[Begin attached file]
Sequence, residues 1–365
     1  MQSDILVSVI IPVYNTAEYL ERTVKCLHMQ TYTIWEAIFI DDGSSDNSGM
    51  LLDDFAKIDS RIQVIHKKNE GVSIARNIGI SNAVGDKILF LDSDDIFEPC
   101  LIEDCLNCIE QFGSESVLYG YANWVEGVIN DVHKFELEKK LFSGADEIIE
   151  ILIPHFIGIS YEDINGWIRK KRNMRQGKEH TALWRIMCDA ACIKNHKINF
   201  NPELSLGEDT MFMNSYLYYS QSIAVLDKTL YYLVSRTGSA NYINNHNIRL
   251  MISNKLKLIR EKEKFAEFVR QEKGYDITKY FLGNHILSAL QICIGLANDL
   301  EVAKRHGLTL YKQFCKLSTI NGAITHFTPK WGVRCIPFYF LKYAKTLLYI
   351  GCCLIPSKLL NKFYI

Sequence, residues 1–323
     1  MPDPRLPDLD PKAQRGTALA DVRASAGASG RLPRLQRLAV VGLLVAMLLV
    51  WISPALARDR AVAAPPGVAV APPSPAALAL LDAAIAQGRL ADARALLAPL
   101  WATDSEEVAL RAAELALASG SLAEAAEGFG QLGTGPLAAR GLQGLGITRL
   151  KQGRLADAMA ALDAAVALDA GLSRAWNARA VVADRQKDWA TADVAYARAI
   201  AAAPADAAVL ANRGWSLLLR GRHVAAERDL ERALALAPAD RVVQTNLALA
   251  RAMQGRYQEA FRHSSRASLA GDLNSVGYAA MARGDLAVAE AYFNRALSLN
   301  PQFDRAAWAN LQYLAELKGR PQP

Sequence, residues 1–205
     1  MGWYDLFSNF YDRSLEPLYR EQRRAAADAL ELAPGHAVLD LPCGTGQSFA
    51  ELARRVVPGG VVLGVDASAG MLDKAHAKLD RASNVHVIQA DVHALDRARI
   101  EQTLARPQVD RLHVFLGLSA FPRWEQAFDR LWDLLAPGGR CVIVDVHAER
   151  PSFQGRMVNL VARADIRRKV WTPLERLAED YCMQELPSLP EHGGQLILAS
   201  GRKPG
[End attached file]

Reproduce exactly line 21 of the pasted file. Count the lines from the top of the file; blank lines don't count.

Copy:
   101  EQTLARPQVD RLHVFLGLSA FPRWEQAFDR LWDLLAPGGR CVIVDVHAER